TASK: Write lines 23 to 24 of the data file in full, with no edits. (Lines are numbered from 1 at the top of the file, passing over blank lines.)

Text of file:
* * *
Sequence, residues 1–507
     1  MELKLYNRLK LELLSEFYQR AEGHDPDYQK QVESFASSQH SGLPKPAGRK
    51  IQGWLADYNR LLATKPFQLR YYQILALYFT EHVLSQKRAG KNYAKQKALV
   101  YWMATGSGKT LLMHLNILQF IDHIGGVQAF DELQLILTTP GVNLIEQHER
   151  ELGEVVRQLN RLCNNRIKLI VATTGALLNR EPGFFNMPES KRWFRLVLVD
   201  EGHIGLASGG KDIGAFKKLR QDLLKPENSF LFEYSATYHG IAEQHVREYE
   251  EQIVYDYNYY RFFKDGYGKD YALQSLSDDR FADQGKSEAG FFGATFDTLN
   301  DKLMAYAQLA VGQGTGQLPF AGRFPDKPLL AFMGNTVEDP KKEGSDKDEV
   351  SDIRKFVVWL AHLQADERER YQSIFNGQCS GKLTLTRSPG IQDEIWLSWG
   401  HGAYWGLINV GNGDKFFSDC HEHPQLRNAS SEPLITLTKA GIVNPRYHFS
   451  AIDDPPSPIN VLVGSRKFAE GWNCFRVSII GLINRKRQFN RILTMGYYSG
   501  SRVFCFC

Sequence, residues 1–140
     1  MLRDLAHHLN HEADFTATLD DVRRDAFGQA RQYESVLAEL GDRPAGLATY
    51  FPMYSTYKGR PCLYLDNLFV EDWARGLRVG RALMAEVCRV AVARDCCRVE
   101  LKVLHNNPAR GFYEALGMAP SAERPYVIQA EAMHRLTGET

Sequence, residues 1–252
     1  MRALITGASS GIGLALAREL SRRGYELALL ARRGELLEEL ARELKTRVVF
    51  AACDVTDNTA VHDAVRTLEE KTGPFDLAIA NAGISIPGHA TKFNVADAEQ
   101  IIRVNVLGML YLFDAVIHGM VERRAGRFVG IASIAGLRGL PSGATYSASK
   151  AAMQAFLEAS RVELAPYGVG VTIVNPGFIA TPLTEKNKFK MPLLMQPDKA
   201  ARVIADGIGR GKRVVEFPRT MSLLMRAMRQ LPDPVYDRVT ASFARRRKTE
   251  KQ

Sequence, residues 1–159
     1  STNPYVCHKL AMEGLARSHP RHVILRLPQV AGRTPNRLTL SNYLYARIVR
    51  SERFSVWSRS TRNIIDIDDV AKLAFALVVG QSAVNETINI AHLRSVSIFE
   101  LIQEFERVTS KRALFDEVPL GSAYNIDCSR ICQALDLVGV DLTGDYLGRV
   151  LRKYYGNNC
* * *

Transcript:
   251  KQ

Sequence, residues 1–159